• Leadership teams, steering committees, and other decision-making meetings have a large number of members to make sure no one feels left out of the decisions. This creates inefficiency and sedates the dialogue, minimizing the likelihood of having challenging yet rich discussions. We see the meetings become information sessions vs. decision-making sessions.
  • Who is actually accountable for making decisions is unclear. When everybody is accountable, no one is truly accountable.
  • Leaders simply say “yes” rather than make difficult trade-off decisions that might upset others and cause controversy.
  • “Pile on emails” with large distribution lists grow as everyone uses “reply all.”

There are times when organizations will want to reach consensus on major decisions, such as situations where actions are not easily reversible. Examples include an executive-level decision that will affect operations for multiple years, or one with a high cost for backing away from the choice. Still, consensus should take a back seat to the more productive approach of collaborating to achieve maximum results. The pandemic has reinforced that the need for agility is paramount to survival and growth. 

Transforming A Consensus Culture

How can leaders dial down a culture of consensus? As we note in our book Mastering the Cube, culture is basically a collection of organizational choices. Revisiting the choices that created a culture that prioritizes consensus over collaboration points the way to transforming a challenging culture into a more effective environment.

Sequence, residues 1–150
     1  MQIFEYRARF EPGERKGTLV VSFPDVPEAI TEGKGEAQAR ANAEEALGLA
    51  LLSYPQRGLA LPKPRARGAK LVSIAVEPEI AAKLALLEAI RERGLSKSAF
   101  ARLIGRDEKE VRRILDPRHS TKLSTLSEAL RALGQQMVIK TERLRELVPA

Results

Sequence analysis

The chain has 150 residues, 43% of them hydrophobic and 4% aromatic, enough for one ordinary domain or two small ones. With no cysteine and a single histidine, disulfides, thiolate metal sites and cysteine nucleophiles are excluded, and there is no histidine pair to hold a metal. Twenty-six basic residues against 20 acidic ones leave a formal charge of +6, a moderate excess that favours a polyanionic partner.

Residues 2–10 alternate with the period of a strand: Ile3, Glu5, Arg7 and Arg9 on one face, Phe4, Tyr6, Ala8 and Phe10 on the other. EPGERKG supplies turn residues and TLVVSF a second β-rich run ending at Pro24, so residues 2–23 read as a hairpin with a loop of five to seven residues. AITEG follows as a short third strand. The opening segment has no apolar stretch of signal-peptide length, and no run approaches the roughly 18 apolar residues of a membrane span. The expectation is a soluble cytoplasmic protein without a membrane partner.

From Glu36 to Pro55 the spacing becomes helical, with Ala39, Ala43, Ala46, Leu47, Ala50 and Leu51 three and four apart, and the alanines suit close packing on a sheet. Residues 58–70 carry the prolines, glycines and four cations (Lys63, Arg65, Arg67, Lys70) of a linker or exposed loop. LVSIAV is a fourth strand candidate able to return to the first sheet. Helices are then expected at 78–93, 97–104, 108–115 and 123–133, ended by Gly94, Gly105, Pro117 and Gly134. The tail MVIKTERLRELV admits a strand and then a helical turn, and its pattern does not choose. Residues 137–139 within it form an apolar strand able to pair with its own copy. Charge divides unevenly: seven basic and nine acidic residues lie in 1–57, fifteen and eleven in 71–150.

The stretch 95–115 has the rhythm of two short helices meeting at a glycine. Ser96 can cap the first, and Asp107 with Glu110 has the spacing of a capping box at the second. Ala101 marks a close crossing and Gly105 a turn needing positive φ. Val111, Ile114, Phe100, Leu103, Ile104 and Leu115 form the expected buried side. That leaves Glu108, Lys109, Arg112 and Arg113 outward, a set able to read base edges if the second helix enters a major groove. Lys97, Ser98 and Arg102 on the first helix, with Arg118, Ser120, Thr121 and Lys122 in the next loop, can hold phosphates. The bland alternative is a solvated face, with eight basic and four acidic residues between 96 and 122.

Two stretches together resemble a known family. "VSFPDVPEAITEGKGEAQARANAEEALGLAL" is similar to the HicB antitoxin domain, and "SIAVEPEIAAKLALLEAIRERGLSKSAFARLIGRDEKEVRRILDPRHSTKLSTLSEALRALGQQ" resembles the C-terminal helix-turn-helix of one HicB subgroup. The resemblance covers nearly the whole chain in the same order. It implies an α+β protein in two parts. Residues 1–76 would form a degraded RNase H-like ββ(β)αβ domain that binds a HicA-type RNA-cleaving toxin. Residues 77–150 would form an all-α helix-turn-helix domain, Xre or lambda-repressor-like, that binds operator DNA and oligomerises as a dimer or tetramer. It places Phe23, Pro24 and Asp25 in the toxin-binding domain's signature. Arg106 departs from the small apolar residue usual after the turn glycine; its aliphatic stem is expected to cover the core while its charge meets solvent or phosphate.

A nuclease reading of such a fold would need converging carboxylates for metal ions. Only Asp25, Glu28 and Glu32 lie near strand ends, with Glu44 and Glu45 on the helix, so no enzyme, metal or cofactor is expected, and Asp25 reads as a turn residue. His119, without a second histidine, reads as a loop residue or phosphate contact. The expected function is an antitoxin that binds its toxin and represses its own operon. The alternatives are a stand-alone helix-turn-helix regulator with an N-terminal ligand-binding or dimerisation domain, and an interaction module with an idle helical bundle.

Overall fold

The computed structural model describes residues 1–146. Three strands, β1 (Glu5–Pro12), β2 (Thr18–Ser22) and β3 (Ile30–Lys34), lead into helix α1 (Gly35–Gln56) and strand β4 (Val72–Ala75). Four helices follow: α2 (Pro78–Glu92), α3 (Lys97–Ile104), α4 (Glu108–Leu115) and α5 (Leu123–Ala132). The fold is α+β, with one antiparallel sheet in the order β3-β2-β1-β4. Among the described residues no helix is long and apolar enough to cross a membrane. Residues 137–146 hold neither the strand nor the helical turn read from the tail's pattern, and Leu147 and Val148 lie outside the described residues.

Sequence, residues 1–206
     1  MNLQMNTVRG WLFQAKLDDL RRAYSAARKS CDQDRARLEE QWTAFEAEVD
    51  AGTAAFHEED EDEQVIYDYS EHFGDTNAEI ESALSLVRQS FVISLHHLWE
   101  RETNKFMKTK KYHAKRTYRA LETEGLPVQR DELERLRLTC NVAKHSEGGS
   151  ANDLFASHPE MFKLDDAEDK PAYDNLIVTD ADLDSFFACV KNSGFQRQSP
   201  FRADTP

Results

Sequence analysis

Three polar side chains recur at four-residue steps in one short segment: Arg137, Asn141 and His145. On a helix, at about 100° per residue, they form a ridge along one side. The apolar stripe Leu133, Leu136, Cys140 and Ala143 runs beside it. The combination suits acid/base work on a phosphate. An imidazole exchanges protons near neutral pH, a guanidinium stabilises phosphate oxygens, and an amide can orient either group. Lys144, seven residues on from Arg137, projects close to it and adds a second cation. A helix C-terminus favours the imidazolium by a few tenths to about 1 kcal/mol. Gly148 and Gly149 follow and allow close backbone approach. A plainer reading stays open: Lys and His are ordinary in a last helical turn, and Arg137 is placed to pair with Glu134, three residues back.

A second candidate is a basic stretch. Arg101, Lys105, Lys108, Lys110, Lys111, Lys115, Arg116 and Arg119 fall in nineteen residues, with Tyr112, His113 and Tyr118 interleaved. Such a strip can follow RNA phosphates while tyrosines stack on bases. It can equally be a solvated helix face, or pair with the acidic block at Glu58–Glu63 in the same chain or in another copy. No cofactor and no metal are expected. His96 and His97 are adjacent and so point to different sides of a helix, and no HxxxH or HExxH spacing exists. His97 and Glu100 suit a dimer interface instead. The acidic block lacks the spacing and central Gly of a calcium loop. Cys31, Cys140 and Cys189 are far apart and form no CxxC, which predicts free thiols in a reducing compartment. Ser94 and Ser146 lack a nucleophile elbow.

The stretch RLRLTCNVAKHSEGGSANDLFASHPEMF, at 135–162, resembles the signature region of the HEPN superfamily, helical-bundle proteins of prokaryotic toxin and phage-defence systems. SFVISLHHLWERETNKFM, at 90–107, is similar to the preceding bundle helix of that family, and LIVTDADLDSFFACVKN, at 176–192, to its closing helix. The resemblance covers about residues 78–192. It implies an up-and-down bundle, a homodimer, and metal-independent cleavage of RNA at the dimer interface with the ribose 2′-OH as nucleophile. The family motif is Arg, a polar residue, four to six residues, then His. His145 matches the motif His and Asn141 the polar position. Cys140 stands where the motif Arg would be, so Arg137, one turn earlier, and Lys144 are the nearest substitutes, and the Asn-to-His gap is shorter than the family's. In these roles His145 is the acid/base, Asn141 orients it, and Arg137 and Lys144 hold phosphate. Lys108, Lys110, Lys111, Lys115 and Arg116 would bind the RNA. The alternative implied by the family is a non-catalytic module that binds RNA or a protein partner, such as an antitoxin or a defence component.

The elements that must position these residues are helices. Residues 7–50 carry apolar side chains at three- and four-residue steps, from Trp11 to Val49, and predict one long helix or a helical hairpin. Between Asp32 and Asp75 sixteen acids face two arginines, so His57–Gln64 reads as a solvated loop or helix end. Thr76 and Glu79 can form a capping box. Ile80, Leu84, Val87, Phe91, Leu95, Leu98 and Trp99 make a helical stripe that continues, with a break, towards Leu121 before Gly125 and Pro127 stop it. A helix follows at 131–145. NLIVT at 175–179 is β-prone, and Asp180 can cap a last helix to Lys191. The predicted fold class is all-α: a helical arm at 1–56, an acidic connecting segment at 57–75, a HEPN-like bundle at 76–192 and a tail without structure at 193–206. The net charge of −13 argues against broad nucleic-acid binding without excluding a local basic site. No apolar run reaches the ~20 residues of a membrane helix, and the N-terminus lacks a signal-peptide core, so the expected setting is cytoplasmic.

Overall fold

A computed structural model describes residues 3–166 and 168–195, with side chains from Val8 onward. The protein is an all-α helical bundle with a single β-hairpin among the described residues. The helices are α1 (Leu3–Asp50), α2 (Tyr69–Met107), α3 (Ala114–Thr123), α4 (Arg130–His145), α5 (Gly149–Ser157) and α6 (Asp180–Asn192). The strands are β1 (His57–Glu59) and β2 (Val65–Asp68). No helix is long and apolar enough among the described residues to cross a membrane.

Here are some techniques that organizations can deploy to move beyond a consensus culture.

  • Clarifying who is accountable and who owns the decision rights goes a long way towards solving decision paralysis.
  • Keep most meetings as small as possible, as it is difficult for a large group of people to make decisions. Remember Jeff Bezos’ two-pizza-team rule: no team should have more members than can be fed with two pizzas.
  • Trust that you have put the right people on the team to make the right decisions.
  • Choose to engage in disciplined dialogue. A leader who asks challenging questions and encourages others to do the same creates a model for desired behaviors.
  • To help model and practice, consider using an external facilitator. Bringing in an outside party allows you to introduce new ways to engage team members in an objective manner.

It takes time and focus, but a consensus culture can change. We recently began working with an organization that has a solid multi-year strategy. However, they have struggled to choose strategic priorities for the upcoming year. Their list of priorities was long and we all know that whenever everything is priority, nothing is a priority.  As facilitators, our role was to break through the need for consensus.  We set guardrails which will allow decisions to be made by the right roles in the organization and alleviate some of the need for consensus.  Also, we are now seeing leaders modeling the behavior of asking the tough questions, making trade-offs, and challenging employees, setting the stage to build a high-performing team.